What a day!! Today is the day we got the balloon in. The procedure is called FETO and I will try to describe what it is.
FETO involves inserting a 4mm balloon inside the babys trachea (windpipe) while the baby is still in the womb. Whilst inside the womb every baby produces lung fluid. The aim of the balloon is to block the windpipe so as the fluid is being produced against a pressure which inturn causes the lungs to grow. There can be many complications to this. Firstly, as the baby cannot swallow the amniotic fluid as easily, it can build up which can cause premature labour. Secondly, as they are going through the amniotic fluid for the operation it can cause a rupture which would lead to premature labour within 48hrs. Also, if the babys lungs are in a really bad way they may not have the potential for growth. Finally, it is possible for the balloon to become dislodged or burst. We decided that these risks are minimal if we look at the alternative to not having it done.
Thankfully, I was not aware of how painful the procedure would be! I had to give blood and get IV antibiotics beforehand which I was more worried about!
At the start of the procedure the professor had to turn the baby as it was lying breech, that was so painful! Then he had to put the baby to sleep by injection and prod my stomach numerous times until sleeping. True to form, my baby would not give up and kept on moving, I think it must be a very stubbornbaby, just like its mum! After what felt like 5 or 6 severe prods baby was finally asleep. I was then given a local anesthetic before a tube was placed in my stomach that would allow professor Nicolaides to put a camera down the tube and into the Uterus to the baby. He then used the camera to guide it into the babys mouth with the balloon following shortly behind. The balloon was carefully placed in the trachea where it was inflated. It is hard to believe that this procedure is actually microscopic and to appreciate how good the prof really is.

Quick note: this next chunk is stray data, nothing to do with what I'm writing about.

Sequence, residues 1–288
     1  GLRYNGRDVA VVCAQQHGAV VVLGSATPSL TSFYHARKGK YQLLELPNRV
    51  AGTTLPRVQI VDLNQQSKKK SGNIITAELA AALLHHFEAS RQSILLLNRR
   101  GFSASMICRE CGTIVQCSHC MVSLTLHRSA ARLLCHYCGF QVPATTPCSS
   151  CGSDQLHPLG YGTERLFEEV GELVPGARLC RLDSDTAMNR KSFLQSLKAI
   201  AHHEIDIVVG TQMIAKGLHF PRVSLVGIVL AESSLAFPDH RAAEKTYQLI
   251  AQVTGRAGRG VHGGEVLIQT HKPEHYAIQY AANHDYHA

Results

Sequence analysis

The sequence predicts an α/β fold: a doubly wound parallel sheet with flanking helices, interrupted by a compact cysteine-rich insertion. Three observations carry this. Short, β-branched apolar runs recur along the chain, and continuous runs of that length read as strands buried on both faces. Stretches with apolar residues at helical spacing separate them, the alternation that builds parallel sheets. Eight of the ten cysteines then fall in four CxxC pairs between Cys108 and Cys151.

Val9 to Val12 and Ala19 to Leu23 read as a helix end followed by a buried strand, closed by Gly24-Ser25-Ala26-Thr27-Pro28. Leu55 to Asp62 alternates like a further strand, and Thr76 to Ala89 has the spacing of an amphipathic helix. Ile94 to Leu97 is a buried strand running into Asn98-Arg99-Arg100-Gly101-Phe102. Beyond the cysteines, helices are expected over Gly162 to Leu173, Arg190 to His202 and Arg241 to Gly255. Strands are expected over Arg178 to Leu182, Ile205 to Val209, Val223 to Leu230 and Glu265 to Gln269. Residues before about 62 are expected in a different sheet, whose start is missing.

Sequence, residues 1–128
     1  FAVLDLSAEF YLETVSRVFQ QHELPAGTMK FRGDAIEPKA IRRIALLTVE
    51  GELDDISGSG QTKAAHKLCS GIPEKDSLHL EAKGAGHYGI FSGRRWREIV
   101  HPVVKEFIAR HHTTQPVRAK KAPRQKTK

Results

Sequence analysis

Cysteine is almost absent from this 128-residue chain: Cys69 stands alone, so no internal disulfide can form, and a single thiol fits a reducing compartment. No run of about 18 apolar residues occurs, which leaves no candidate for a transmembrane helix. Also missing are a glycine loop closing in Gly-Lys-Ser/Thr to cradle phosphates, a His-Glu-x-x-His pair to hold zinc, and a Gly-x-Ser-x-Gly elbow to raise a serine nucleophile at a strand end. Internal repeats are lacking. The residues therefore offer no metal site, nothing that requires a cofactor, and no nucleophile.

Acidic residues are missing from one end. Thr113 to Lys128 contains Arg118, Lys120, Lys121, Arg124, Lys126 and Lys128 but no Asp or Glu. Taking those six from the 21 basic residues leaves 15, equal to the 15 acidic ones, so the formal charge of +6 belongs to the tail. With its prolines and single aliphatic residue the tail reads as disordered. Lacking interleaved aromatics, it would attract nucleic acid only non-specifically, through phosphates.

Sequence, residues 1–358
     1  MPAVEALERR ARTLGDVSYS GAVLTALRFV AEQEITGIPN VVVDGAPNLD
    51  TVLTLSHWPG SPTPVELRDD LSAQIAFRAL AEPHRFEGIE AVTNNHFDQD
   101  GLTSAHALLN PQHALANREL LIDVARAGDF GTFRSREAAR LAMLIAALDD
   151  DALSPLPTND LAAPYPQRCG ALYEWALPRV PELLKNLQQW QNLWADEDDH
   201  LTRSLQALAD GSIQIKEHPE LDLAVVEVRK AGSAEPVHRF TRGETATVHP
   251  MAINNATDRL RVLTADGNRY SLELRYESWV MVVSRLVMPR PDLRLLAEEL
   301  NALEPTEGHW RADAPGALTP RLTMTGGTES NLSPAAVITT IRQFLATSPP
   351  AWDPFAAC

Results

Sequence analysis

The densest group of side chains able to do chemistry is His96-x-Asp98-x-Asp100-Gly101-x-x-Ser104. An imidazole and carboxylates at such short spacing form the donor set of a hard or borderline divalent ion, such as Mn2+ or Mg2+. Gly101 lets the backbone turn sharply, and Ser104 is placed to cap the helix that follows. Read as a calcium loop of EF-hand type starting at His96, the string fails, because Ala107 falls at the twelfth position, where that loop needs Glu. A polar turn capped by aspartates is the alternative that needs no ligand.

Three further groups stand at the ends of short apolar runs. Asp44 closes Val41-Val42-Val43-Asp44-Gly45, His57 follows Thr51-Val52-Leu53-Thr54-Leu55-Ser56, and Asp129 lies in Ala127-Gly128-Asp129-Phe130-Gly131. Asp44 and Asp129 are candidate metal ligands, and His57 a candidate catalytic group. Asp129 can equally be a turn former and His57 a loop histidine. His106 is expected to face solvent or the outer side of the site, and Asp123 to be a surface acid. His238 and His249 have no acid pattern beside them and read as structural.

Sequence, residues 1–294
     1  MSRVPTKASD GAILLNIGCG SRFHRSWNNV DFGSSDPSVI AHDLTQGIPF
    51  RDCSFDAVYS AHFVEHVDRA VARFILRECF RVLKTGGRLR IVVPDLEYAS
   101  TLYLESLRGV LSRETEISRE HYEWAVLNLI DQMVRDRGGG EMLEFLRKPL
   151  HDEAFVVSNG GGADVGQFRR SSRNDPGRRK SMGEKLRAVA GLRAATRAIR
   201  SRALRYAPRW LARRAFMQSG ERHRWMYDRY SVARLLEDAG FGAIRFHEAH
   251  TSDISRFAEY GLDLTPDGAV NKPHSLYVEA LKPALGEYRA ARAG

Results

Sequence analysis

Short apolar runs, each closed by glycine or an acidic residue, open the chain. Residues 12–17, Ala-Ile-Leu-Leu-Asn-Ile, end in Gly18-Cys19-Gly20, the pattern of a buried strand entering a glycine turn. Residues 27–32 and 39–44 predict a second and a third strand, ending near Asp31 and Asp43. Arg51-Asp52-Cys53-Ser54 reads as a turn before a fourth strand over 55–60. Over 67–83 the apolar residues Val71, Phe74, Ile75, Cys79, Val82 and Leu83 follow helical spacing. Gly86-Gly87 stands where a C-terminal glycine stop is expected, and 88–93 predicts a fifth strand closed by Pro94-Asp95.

After that I had 600ml of fluid drained and an amnio was taken. This is a sample of fluid that is sent away to check for chromosome abnormalities, thankfully it came back clear.
If we lived closer we would be getting monitored after 2 days and again after 7 days to assess lung response to the balloon , as we live in Northern Ireland we will just have to wait and see what happens. At this time an appointment has been made for us to return on 9th July to have the balloon removed and we have been given detailed instructions for the team in Belfast regarding removal of the balloon at birth due to risk of premature labour being so high.
Catalina (our consultant at Kings) has also given us instructions to give to our consultant to calculate the Lung to head ratio (LHR) and she is going to monitor my fluid levels. At this stage it is anticipated that I may need my fluid drained as often as weekly. This is not good as every time they go into the uterus they are increasing the chance of early labour. Having said that, the risk of not draining is greater.